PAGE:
By Madison Wurtele

Four years ago, at my grandmother’s funeral, her youngest sister stopped and stared at me intently long enough to make me feel uncomfortable.

“I can’t believe how much she looks like my mother did,” she said to my mom as if I weren’t in the room.

This is a reoccurring sentiment shared by many of my relatives.

Photo by Allan Christensen

Caroline Heng Kreifles was my great grandmother’s name. She died in 1997 when I was just 3. I have few memories of her. The only connection that I have to her now is a faded yellow baby quilt that she adorned with hand-painted lambs, bunnies and flowers. I carried that thing until it was frayed at the edges and the perfectly stitched seams no longer served their purpose. Yet, for some reason, I have always felt drawn to her story. It’s as if we’re tied together by an invisible thread.

When I was a teenager, I went searching for a photograph of her when she was young. But there seems to be none in existence. I have one of her in her 80s. However, the quality of the picture and years of aging make it hard for me to see any physical link between us. I know we share DNA, but I can only imagine what characteristics we have in common. Did she have my nose? Did she have a similar mouth? Did she have freckles? These are questions no one who is currently alive can answer. However, from stories passed down from one generation to the next, I am able to piece together a picture of her character.

I’ve been told that in her life Caroline was forced to draw upon the hardworking and enduring spirit of her immigrant ancestors. Like those who came before her, she faced many struggles. Caroline was married in 1929 when she was just 21. That same year the stock market crashed and the United States was pushed into what we now know as the Great Depression. As a farmer’s wife, the Dust Bowl hit Caroline hard. She and husband Sterling had to persevere through one of the worst heat waves in American history. They had to learn to make a little go a long way.

Strong German heritage

Yet, despite their challenges, the couple raised seven children. Each of whom went on to have families, careers and lives of their own. Knowing that relatives see a connection between me and a woman who had such immeasurable toughness is inspiring. And while I may never know if Caroline and I share a nose or a mouth, I can guess that our similar physical appearance has ties to our strong German heritage.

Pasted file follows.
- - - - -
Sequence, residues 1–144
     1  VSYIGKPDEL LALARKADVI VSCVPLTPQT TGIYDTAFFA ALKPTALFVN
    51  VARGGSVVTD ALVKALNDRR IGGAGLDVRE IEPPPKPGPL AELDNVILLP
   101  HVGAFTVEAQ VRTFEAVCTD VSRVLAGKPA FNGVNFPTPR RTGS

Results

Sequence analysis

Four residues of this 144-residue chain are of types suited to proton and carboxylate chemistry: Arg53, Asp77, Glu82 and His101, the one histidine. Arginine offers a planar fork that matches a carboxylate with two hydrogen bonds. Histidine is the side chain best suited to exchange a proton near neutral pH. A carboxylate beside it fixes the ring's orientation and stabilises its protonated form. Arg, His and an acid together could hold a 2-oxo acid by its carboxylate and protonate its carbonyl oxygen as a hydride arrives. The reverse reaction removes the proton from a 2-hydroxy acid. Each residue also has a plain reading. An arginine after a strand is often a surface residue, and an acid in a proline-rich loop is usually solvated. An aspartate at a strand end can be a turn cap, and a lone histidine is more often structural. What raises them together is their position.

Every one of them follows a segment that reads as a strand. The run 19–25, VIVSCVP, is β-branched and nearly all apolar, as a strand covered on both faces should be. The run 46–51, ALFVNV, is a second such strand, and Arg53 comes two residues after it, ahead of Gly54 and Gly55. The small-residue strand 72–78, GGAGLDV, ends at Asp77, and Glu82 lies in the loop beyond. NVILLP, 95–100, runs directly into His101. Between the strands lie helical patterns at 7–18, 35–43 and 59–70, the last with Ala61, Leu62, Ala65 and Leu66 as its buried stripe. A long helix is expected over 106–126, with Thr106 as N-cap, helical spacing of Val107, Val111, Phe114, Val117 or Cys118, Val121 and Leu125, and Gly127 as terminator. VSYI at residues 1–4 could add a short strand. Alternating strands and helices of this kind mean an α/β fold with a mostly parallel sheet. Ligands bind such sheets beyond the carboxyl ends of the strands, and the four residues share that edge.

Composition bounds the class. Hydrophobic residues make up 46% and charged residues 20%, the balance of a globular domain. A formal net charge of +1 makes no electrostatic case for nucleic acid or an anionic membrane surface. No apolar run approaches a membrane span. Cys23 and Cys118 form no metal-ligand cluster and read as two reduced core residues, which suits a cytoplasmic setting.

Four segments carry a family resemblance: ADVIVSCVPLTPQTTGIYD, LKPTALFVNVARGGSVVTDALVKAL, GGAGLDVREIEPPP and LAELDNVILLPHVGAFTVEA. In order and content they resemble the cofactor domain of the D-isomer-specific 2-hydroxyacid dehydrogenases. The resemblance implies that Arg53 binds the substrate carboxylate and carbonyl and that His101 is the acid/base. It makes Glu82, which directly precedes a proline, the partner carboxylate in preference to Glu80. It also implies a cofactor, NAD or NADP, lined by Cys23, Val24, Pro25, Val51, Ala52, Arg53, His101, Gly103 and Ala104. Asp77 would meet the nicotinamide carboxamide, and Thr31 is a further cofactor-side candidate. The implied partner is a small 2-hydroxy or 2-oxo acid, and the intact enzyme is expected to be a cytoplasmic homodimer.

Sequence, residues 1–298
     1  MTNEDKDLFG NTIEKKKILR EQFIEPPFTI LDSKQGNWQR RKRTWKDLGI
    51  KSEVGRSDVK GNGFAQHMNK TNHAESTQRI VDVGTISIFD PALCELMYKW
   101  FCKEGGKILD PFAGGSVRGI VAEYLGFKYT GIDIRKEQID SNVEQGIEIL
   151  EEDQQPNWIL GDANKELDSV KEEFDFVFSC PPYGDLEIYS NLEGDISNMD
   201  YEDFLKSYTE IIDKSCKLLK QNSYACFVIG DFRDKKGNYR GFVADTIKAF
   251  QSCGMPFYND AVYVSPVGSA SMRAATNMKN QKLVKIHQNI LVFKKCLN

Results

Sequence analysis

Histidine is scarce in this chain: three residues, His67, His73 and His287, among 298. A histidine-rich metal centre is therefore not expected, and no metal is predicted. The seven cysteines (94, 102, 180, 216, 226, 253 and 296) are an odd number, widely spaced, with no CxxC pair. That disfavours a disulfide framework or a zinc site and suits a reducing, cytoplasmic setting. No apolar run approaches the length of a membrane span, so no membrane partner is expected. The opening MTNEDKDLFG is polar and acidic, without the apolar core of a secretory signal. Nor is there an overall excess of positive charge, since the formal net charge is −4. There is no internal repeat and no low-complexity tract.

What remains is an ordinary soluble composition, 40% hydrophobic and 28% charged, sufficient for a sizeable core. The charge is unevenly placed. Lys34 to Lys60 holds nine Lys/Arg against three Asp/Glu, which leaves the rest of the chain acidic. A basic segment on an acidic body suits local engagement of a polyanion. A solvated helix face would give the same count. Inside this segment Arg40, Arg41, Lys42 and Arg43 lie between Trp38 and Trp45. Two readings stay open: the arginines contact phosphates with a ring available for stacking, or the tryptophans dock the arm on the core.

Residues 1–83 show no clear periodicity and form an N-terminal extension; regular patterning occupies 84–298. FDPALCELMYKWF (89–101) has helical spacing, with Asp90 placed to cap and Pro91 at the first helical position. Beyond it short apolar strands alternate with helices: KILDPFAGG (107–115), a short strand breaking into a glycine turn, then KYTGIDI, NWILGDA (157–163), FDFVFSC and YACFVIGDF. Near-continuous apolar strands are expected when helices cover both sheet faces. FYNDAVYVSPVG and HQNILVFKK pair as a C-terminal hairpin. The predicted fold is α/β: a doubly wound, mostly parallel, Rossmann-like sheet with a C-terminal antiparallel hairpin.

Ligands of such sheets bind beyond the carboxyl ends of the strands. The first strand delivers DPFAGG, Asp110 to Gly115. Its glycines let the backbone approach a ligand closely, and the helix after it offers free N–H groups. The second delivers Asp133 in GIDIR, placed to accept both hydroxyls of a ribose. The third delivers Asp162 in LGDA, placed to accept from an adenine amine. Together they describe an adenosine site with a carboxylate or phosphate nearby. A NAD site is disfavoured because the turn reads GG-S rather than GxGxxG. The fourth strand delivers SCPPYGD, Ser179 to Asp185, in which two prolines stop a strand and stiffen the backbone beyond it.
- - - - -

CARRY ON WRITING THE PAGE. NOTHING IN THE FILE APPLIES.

Our shared family line’s transition from Germany to America began with Caroline’s grandfather Michael Heng who was born in 1844 in the Province of Alsace (an area now belonging to Germany). As he entered into his adult years, overpopulation caused hunger, housing shortages and high unemployment in Alsace. This resulted in a mass migration from the area. Michael followed those who fled and, at the young age of 20, he boarded a ship in search of a better life in America.

He originally settled on a farm in Ohio, but he moved to the Nebraska Territory in 1859. While in Nebraska, he built a home, cultivated farm land and met his wife, fellow German-native, Jane Hoffman. Jane was born in 1844 in Bavaria, Germany, and, like Michael, she immigrated to the United States. The two worked hard to build a life together in Nebraska. In his obituary, Michael was called “a pioneer of Otoe County.” They took a piece of land that had nothing but a small fence and made it into something prosperous and thriving.

However, while the farm eventually did well, there were many initials struggles. Like most pioneers, Michael and Jane had to deal with very limited transportation, wild land and little protection from the elements. But, their hardships paved the way for generations to come. Son John followed in Michael’s footsteps and became a Nebraskan farmer. John’s daughter Caroline, my great grandmother and supposed look alike, married Sterling Kriefles, another German farmer, and the line continued with my grandparents

No time for nonsense

My grandmother Jean, Caroline’s daughter, was a strong woman. She was not sentimental nor did she have time for nonsense. She was a woman of action. She showed her love in the fried chicken she cooked, in the stories she read and in the time she devoted to her family. Before she died, she took me on an annual strawberry picking outing. I secretly hated the process. We spent hours crouching over two-foot-high bushes with the sun beating down on our backs. My tennis shoes and bare knees would become caked with mud. My fingers would be stained red. But, I was happy to spend the day next to her proving that I was a hard worker, something that was near the very top of her value list. And it gave me an entire day to listen to her stories.

I can still hear her voice narrating tales of tornadoes sweeping over the farm, of the tricks she and her twin sister used to play and of her mother’s diligence in taking care of her entire family. She was a woman that I greatly admired. She had a strength that I can only assume came for her mother, and that I can only hope is in me.